Reconfiguration of airspace lacks legality
MEXICO – The reconfiguration of the airspace in the Metropolitan Area of the Valley of Mexico, by the Services to Navigation in the Mexican Air Space (Seneam), lacks legality and certification by the aeronautical authority, indicated various specialized sources on the subject.
“There is no certification from the government that guarantees that what was done is well done. Seneam is a service provider and the government commissioned it to develop these departures, but the legal part of all this is missing. In order to certify them, these departures would have to be tested with a verifying plane, but we’ve been told they’re still working on that,”said Heriberto Salazar Eguiluz, president of the College of Pilots Aviators of Mexico (CPAM).
Seneam is carrying out the reconfiguration of the airspace in the Valley of Mexico, with a view to the implementation of the Metropolitan Airport System, which will be composed of the airports of Mexico City (AICM), Toluca (AIT), Puebla (PBC) , Cuernavaca (CVJ) and, as of 2022, that of Santa Lucía (AISL).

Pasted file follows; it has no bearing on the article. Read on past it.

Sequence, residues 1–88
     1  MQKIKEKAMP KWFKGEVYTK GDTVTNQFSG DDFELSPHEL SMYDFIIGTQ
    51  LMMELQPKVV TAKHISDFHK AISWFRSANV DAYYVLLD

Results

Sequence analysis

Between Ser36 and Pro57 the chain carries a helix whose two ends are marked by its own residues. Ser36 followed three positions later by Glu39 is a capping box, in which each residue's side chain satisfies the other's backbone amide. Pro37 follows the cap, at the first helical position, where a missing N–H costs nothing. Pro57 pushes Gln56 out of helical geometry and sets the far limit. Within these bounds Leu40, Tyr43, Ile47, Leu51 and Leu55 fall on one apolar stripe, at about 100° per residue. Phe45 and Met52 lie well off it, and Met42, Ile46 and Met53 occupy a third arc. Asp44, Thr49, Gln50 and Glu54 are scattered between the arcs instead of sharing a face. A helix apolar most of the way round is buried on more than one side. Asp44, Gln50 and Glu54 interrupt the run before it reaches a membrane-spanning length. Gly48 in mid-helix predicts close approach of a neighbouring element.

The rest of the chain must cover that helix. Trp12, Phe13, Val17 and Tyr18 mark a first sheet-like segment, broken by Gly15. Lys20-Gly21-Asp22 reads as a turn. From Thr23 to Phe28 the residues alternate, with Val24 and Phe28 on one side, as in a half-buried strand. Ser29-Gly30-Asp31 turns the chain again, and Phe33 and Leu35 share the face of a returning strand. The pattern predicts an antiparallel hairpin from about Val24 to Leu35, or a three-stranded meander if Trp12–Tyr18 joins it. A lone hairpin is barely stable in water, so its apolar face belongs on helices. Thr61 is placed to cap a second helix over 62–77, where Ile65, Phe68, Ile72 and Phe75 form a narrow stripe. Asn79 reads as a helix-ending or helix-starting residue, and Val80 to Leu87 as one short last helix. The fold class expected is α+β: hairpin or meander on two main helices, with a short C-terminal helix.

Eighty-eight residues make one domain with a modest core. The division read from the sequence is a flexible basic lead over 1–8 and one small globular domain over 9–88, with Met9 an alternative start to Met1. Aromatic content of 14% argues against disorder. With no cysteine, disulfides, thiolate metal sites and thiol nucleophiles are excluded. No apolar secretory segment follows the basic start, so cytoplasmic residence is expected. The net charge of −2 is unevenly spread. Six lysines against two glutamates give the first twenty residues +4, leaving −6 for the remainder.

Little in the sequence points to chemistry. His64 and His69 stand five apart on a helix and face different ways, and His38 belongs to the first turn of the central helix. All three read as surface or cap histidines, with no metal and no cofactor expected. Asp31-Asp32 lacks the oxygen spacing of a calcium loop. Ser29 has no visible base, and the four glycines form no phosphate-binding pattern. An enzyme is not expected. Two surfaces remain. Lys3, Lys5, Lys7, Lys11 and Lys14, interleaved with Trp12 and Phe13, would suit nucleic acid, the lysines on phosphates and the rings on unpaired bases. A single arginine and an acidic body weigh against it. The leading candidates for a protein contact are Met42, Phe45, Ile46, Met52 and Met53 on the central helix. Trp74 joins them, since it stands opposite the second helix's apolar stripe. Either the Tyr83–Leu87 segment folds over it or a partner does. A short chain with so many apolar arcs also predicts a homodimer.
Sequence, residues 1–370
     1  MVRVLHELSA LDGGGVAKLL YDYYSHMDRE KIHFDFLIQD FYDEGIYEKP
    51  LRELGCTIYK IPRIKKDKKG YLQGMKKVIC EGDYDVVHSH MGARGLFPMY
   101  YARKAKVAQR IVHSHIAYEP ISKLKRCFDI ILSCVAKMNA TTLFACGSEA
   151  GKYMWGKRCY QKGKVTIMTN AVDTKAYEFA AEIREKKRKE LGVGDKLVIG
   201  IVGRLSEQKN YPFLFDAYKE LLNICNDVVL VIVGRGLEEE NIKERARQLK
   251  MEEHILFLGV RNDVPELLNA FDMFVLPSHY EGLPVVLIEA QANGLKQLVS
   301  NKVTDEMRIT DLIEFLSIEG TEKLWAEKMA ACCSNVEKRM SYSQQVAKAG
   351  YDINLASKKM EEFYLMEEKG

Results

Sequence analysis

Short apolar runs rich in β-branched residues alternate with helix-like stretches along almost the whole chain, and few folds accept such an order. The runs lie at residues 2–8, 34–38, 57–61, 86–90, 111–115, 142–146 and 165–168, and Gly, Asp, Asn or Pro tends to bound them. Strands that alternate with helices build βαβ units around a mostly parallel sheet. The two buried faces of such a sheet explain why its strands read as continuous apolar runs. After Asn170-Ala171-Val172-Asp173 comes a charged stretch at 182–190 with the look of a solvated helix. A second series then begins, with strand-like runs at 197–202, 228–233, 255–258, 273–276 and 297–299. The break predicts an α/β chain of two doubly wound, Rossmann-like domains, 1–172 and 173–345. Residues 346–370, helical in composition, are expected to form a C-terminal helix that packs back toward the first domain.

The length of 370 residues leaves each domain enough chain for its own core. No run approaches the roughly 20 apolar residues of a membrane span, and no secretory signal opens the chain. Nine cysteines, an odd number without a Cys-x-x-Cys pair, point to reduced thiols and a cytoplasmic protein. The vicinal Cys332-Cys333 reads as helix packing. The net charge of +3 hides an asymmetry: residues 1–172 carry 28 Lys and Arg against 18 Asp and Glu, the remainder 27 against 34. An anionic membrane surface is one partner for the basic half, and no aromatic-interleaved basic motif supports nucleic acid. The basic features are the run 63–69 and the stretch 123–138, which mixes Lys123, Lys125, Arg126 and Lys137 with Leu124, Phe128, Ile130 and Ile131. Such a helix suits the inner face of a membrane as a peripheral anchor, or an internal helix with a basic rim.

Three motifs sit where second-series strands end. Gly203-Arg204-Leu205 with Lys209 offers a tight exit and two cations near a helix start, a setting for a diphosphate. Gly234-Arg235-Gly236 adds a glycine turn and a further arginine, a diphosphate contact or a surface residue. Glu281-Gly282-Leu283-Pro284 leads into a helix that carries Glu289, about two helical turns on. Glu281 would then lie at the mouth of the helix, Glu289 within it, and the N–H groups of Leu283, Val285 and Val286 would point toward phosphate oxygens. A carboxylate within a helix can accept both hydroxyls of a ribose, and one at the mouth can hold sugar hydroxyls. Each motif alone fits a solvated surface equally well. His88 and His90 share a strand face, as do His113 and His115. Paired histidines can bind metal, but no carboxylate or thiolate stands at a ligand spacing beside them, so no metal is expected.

The objective is to promote the simultaneous use of commercial airports for Mexico City, helping to combat the saturation that existed prior to the current COVID-19 pandemic.
According to specialists, this task does not correspond to Seneam, but to the Federal Civil Aviation Agency (AFAC).
“Who has the obligation to carry out these updates is the AFAC. This is established by the Civil Aviation Law. However, it is being carried out by Seneam, which is a service provider, probably because the AFAC, although has the power, lacks the means, “said Alfredo Covarrubias, general secretary of the Executive Committee of the National Union of Air Traffic Controllers (Sinacta).
Carrying out the design of runway approaches and take-offs is based on national legislation and international regulations presided over by the International Civil Aviation Organization (ICAO). In Mexico, however, the aeronautical authority and Seneam are doing things the other way around, Covarrubias said.